Chloe French is a Tlingit artist based in Bellingham, Washington, the recent artist in residence at the Sheldon Jackson Museum in Sitka. Her work is inspired by Tlingit ceremonial bibs, but she adds her own twist to the tradition.
I meet Chloe French at the Sheldon Jackson museum. She’s sitting behind a table displaying a number of her bibs. She picks up a bib and starts telling me about it.
“I collect the myths from around the Southeast,” French says. “One is a variation on the Raven steals the Sun, on this one, when raven steals the sun, the sun is in a bag, so when he flies out of the smoke hole, there’s no light. And he flies around and flies around and he lands on the bank of the Nass river and he calls to the people on the other side to come get him, and they refuse. So he throws the sun into the sky and the people on the other side of the river all turn into the animals of the pelts they’re wearing.”
The bib is made of wool felt and has embroidery and beadwork outlining shapes of various animals. It has a dark background with bursts of color–orange, yellow, blue, red.
“On the piece I have Raven and I have the sun,” French says. “I’ve made bear, seal, and fox turn so that they’re half human half animal. And because I’m a killer whale, I put a killer whale on.”
“What does that mean that you’re a killer whale?” I ask.
French says, “My clan is Tsaagweidi, the killer whale seal clan.”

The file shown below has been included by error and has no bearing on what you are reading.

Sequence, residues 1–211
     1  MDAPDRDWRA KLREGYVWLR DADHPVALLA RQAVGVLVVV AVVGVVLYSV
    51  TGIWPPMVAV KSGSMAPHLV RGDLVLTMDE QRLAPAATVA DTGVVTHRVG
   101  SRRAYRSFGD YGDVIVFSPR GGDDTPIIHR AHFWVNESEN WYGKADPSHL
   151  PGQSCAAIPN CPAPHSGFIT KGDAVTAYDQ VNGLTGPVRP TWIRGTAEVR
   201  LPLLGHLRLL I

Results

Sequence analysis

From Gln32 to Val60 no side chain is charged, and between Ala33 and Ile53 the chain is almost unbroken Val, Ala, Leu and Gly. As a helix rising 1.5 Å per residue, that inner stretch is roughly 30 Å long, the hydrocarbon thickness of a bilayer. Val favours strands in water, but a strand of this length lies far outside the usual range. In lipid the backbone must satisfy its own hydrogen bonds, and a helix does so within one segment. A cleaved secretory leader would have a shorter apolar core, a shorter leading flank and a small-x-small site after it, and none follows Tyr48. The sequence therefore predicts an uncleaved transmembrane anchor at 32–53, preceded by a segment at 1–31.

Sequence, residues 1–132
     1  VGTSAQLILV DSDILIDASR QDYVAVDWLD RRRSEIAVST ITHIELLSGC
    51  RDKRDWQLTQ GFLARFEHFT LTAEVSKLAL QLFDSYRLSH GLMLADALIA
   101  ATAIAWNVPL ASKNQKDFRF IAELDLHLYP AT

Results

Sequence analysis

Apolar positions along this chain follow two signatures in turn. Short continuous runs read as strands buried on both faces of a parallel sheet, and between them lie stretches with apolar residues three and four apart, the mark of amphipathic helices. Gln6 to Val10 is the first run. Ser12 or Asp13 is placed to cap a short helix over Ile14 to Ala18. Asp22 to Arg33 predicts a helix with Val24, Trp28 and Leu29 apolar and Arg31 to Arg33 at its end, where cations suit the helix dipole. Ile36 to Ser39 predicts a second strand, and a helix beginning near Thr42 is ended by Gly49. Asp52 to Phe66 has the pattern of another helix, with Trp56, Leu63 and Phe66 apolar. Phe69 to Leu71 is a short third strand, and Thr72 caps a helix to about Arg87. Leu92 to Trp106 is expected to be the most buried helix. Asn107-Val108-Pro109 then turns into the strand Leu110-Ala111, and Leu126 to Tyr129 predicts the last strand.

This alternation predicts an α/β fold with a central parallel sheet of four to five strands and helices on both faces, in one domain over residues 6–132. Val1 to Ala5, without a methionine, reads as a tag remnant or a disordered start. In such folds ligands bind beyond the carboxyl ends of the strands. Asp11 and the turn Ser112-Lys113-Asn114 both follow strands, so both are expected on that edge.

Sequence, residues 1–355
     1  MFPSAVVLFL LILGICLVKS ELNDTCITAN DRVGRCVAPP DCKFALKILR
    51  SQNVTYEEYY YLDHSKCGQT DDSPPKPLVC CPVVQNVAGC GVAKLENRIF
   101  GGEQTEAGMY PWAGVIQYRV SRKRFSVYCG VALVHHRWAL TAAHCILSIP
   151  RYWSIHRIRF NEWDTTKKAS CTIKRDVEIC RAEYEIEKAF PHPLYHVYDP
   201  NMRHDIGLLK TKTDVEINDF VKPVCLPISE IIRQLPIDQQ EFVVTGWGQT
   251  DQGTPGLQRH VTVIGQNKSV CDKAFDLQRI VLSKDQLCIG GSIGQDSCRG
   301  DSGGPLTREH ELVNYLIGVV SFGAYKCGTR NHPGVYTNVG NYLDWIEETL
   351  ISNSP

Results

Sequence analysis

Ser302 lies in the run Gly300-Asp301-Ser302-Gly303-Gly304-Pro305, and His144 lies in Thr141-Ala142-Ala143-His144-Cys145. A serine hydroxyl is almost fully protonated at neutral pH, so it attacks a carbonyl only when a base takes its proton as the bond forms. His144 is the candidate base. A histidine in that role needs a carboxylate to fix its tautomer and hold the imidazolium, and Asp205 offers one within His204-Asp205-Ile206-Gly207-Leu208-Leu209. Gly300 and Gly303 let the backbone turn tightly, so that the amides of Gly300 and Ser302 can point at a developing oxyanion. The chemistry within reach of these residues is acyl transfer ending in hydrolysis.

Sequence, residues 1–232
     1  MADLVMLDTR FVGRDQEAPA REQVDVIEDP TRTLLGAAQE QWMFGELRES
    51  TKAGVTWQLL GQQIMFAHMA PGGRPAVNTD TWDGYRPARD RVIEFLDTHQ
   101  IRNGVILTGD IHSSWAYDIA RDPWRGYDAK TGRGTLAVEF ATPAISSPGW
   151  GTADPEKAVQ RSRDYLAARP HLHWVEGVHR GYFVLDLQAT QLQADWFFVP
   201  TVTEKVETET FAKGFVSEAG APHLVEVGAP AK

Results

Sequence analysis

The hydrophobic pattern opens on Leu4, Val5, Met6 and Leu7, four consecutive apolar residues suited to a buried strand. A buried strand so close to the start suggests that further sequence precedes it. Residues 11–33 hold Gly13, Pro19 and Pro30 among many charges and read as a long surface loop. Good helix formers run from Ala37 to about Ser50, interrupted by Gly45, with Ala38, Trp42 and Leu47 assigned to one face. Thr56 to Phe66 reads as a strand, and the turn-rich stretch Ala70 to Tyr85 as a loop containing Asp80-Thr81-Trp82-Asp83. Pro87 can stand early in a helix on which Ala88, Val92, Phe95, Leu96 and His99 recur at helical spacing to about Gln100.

French used to come to Southeast Alaska in childhood and was captivated by the Native work she saw in museums here. She remembers seeing a Chilkat robe and deciding that one day she wanted to make one. She wove one in 2008. She also noticed the ceremonial bibs. The traditional versions are usually clan crest designs. The decoration is dense beadwork–no applique like French’s work.
“The ceremonial bibs,” French says, “which are incredibly beautiful, are worn at special occasions and put away so if you’re not there, you’ll never see these bibs. And I decided I wanted a bib that you could wear anytime.”
French has been making bibs for 5 years. She’s never worked on traditional bibs and there’s sometimes a little tension between French and strict traditionalists. “I do believe,” French says, “that for people who work in the traditional materials and only in traditional ways, that’s perfect too. It’s wonderful. It’s just not what I’m interested in. I’ve always done my own thing. I’ve always been contrary.”
French tells me how she makes the bibs. She starts by basting down the felt shapes, which means she uses loose stitches to hold the shapes in place. “I start sewing them down,” she says, “and I’ll bead around the edges. All of them are backed with fabric to cover up the stitches. And then usually I’ll decorate the edge with more beading. So that’s the process. They take probably a month for each one to make.”
“For people who do wear your bibs,” I say, “when do they usually wear them? What is that like?”
“Anytime you want,” she says. “I would wear it to the symphony. I would not eat soup.” She suggests wearing them with jeans to really stand out.
For French, the contemporary aspects of her work also have a deeper significance.
“We are not a gone, dead people,” she says. “We are as acquisitive as anybody else.”